Growing up in Brookline as a comic book geek, Rob Stull devoured iconic titles like Spider-Man, Captain America, Iron Man, and Batman.
As an African-American, he was especially enthralled by Black Panther and X-Men’s Storm, as well as other characters of color in Green Lantern. Stull assumed — correctly, of course — that even these superheroes of color were mostly created by white men like Marvel’s Stan Lee.
But, says Stull, 50, who has worked as a comic book artist for every major comic book publisher, black comic book artists actually have always been part of the industry — they just haven’t gotten the visibility they deserve. He’s met many of them at comic conventions and became so passionate about African-American artists’ contributions to comic books that a decade ago he curated a traveling exhibit that he still talks about today.
“In many ways, I’m amazed that I’m a black comic book artist, but if you move in my circles, you start to realize that we have always been here, pursuing work in comics,” he says. “I am hardly an anomaly.”
Stull’s credits include Slingers, Iron Man, X-Force, New Mutants, and Wolverine, as well as art and illustration for record labels, custom clothing, posters, advertising, and graffiti-style murals.
If Stull’s surname seems vaguely familiar, his father, Donald Stull, was the founder of Stull and Lee, one of the oldest black-owned architecture firms in Boston. Also an artist, the elder Stull went into architecture to ensure a more steady and lucrative income. He instilled the same business mind-set in Stull, who is a freelancer currently under contract with Lion Forge. Rob Stull also teaches at art schools and universities, in addition to developing his own artistic properties.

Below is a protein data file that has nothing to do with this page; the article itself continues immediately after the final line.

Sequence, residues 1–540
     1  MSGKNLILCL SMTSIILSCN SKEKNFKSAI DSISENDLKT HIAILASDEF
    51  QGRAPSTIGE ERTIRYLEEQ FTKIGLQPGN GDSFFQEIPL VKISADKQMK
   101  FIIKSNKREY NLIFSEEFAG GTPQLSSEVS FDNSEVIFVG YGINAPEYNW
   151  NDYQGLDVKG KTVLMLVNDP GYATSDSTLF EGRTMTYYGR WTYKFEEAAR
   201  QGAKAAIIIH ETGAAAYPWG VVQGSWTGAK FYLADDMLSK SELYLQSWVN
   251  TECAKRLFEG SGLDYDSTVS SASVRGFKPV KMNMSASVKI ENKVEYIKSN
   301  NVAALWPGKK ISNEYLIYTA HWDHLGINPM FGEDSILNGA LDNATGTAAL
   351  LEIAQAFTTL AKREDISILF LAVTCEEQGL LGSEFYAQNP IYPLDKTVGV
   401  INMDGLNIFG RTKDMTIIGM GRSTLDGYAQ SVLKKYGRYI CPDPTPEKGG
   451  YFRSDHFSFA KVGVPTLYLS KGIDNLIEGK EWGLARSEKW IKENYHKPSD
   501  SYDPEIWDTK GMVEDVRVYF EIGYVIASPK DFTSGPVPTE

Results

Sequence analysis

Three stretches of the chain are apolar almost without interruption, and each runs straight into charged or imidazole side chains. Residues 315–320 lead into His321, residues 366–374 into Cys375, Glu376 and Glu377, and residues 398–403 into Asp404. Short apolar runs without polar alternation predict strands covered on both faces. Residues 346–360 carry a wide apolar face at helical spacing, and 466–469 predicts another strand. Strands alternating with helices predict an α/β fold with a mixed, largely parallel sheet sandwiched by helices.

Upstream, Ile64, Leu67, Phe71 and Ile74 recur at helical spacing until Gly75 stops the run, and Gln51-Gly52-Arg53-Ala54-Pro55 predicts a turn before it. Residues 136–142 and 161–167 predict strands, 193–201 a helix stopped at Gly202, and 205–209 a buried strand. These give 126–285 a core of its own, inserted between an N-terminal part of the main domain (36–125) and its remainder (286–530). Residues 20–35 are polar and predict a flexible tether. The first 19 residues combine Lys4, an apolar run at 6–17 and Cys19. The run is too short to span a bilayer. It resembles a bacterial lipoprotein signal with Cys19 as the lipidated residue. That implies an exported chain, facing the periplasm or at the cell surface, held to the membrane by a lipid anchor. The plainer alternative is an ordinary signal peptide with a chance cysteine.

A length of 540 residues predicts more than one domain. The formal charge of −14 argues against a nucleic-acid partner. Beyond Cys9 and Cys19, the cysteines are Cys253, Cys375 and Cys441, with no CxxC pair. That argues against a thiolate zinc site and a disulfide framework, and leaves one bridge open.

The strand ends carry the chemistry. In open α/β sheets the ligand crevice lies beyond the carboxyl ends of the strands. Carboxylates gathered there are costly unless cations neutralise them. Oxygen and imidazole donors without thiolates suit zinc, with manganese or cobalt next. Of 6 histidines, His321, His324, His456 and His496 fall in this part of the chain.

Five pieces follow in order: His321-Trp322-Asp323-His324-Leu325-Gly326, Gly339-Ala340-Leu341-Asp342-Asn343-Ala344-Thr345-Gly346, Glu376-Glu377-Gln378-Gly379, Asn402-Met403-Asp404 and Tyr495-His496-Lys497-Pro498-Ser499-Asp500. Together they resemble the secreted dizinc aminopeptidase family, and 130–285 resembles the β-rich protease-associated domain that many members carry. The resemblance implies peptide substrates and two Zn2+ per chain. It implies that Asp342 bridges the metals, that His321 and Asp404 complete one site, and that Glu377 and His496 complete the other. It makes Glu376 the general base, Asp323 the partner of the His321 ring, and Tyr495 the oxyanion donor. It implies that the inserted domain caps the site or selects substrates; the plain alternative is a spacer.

While Stull says freelancers don’t like to share how much they make, he said a typical pay rate might be $200 to $400 and up for penciler, colorer or inker, depending on what you can negotiate.
“Comic book production is a huge time consumption which requires a solid understanding of art in many different forms, as well as fundamental drawing ability,” he says.
The Globe spoke with Stull, who lives in Milton, about being a professional comic book creator.
“I have a vivid memory of having a pack of jumbo crayons when I was maybe 3 or 4. I went straight to the bathroom – all those white walls – and completely covered the surface with drawings. My parents were so angry, but I remember my father said, ‘Wait a minute, maybe there’s something to this.’ He also liked to paint and draw — my uncle was a renown ceramist, and my mother was a dancer. Art was all around me growing up, and, of course, I read a ton of comic books.
“At a young age, I understood that creating these comic books was a collaborative process that required a writer, penciler, inker, colorist, letterer, and editor. I had my favorite titles but even more so, I noticed the different artistic teams within those comic books. I’d open up the books and become completely transfixed by the art. I was fascinated by artists who could draw or paint in a photo-realistic style.
“My main objective was always to try to capture my subject matter with a significant degree of realism. But after years working in comics, advertising and graphic design, my personal style became more minimalistic and cartoony – more deadline friendly. Back in the day, I’d be trying to make each page as pretty as possible, and it was taking one to three days to do one page. An old battle-tested veteran told me, “If you can’t get it done 9 to 5, don’t do it.’ I thought, ‘He gets five of those pages done a day? I really am a slow poke.’ So whatever I do now, I have to get it done in a timely manner.
“It’s never been easy to make it as an artist, but the opportunities to be expressive and visible are better now than ever before. But you can’t just do one thing – you need to do a bunch of different projects. Being an artist is a full-time job to keep the bills paid. The drive, passion, and determination should be there from the beginning. Whether you’re working on established properties or doing your own stuff, today there are cool ways to fuse sequential art into other forms of youth culture.
“I’m both a fan and a creator and I always feel fortunate to be doing what I’m doing. And my father? He was indifferent at first to my career and didn’t think it was lucrative, but now he loves it. With all the artists in my life, it’s like I was in the Mafia – I was born into this thing. I had no choice.”
Cindy Atoji Keene can be reached at firstname.lastname@example.org.